John Henry looms large in pre-Blues, Blues and Folk Music, and is arguably the foremost figure in Black American folklore. Fred McDowell's rendition of
the popular folk ballad is played in the Open E tuning. Fred uses an alternating bass and plays the melody on the high strings with the slide.
"Jumper Hanging Out On The Line" is a classic R.L. Burnside tune, one that he kept with him throughout his career. Left hand is simply moving from 4th string to 5th out of the E chord but when you add his trademark percussive strike this piece really comes together.
Tom Feldmann teaches you his original tune from the 2015 release, Delta Blues & Spirituals. Learn how to take a single string lick and "flesh"
it out by adding simple elements to take your Open G tunes to new heights.
Robert Johnson's "Kindhearted Woman Blues" is a standard for all blues players, covered by countless artists, and in 1977 George Thorogood recorded this slide version in open G tuning. It has the same "feel" as Johnson's standard tuning original, but Thorogood offers some subtle slide elements that will bring a fresh perspective to this timeless classic.
Mississippi Fred McDowell never sought fame or fortune. In fact, he even didn't own a guitar for most of his life. He was content to farm and play for tips outside the candy shop in Como, Mississippi. Then one evening in 1959, after a day's work picking cotton, he came upon folklorists Alan Lomax and Shirley Collins. They were recording some of the local old time musicians. At a spry 55 years old, they thought Fred too young. But what came out of that guitar proved he'd learned from the masters - and then some. Collins remembers Lomax jotting down a single word in his notebook: "Perfect."
The debate is whether Johnny Temple learned this E shuffle from Robert Johnson or if Robert Johnson learned it from Johnny Temple, either way Temple recorded it first so the credit goes to him. An interesting early shuffle that would give way to the never ending run of shuffle recordings, "Lead Pencil" has it oddity in it's 2-2-4-3-2 bass run, as opposed to the typical 2-2-4-4-2, that really sets this apart.
Letter From Hot Springs is instantly familiar showcasing licks Fred McDowell used for, and in, many different titles. Familiar or not, these licks rock
hard and every one of us is better for knowing how to play them. Catch the groove.
Robert Johnson tunes, "Drunken Hearted Man" and "Malted Milk" can be traced to this Lonnie Johnson piece. "Lead Pencil Blues" holds the keys to much of what Lonnie Johnson did with his slow blues numbers and will really challenge your execution.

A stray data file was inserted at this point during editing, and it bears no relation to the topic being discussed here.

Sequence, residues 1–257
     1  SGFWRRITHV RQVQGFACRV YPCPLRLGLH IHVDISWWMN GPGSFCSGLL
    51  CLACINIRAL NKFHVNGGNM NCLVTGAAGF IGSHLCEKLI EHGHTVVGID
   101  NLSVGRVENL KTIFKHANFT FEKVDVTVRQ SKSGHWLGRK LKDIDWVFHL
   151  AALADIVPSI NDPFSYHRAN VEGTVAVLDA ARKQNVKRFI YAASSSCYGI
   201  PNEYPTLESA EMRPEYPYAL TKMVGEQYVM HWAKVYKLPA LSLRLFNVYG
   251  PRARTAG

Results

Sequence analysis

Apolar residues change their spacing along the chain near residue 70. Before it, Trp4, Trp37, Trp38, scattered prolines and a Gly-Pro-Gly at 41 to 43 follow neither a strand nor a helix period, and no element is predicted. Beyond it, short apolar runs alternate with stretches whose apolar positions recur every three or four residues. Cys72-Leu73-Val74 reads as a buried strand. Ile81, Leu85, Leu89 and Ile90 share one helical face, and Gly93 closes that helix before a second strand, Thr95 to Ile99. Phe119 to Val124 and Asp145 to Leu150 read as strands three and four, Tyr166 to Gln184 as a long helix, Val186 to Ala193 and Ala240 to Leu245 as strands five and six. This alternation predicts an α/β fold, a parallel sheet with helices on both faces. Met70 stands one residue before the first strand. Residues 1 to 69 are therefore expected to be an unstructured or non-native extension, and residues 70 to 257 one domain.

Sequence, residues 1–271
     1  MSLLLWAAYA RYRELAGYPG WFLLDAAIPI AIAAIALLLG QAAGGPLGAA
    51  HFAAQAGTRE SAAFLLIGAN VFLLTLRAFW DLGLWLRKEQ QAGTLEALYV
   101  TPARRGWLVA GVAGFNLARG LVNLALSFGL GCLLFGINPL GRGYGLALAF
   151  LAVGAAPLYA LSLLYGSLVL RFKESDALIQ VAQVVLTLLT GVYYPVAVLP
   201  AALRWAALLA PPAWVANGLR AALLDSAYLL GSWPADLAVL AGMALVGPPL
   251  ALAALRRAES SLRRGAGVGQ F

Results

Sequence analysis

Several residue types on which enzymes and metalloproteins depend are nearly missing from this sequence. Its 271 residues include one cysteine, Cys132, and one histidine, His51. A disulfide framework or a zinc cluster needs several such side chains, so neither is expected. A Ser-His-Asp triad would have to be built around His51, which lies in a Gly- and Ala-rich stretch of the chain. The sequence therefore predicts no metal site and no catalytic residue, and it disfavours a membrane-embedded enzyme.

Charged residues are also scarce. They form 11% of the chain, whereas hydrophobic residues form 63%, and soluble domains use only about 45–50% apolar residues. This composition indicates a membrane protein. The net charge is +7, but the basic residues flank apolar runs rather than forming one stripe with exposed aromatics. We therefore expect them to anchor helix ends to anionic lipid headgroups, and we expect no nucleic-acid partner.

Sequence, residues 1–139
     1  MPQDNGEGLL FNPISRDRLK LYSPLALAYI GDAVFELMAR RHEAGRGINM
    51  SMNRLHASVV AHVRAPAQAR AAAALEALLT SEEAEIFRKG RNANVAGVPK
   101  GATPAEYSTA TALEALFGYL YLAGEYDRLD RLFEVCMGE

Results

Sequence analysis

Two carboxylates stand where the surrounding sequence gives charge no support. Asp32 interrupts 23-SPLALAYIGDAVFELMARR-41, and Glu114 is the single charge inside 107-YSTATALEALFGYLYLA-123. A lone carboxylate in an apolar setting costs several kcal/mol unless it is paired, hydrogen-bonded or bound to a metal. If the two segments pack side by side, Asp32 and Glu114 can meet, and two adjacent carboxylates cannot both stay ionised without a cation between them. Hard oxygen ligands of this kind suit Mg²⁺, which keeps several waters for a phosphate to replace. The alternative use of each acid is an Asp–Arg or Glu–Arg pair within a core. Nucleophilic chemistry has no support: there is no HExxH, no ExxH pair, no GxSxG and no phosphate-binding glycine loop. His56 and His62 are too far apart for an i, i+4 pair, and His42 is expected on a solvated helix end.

R.L. Burnside recorded his version of the Howlin' Wolf/Willie Dixon evergreen "Little Baby" in 1967. E position, standard tuning finds R.L. up to his usual tricks and Tom guides you through them all.
“Long Haired Doney” was among the first recorded works by R.L. Burnside and it offers all his trademark techniques and song structure. Strum plus Lick
(riff) is the recipe that would make R.L. a "star" of the North Hill Country sound and Tom takes you through all the elements of this style.
"Look Down the Road" is another from Skip James' Folk/Blues 1960's period and is a lively jumpy number that certainly is different than what you may be used to from Skip James and other E position Country Blues The B7 chord shape at the 7th fret for your E7 chord certainly was a surprise.
Lord Have Mercy When I Come To Die is one of Son House’s lesser known spirituals, yet one of his most powerful. In 1964 Son House was newly rediscovered and reworking, relearning, and remembering, the songs of his younger days and Lord Have Mercy When I Come To Die is one of those songs from his “practice” sessions but was never fully developed and all but forgotten.
Fred McDowell played original songs as well as covers by other artists, i.e. Sleepy John Estes, Blind Willie Johnson and Big Bill Broonzy. "Louise" is
a tune composed and originally recorded by Big Bill. Fred had several different approaches to playing the blues but none of them were similar to Big
Bill's fingerstyle blues. Big Bill never recorded with a bottleneck while Fred always employed the slide in his arrangements. Fred's arrangement of
"Louise" is played in an Open E and features the usual suspects found in Fred's playing.
Muddy Water’s “Louisiana Blues” falls into the “Roll and Tumble” vein with a similar single string slide line following the vocal melody but the added bass line providing the riff between the verses equally iconic and here Tom Feldmann presents all these elements at a slow and steady pace.
As Bob Dylan sings: "And I know no one can sing the blues, like Blind Willie McTell." McTell was born William Samuel McTier in 1898. After his mother died, in the 1920s, he left his hometown and became an itinerant musician, or "songster." He began his recording career in 1927 for Victor Records in Atlanta. He played with a fluid, syncopated fingerstyle guitar technique, common among many exponents of Piedmont blues. Unlike his contemporaries, he came to use twelve-string guitars exclusively. McTell was also an adept slide guitarist, unusual among ragtime bluesmen. His vocal style, a smooth and often laid-back tenor, differed greatly from many of the harsher voice types employed by Delta bluesmen, such as Charley Patton. Blind Willie McTell performed in various musical styles, including blues, ragtime, religious music and hokum. "Love Changing Blues" is played in Open G tuning
Quite possibly the best blues song title ever, and also one of Son House’s masterpieces that unfortunately goes pretty much unnoticed. Recorded in 1942, you can’t beat the intro, and other single string slide licks in the this tune. The recurring barring of the IV, V chords ala “Death Letter Blues,” etc., also are involved.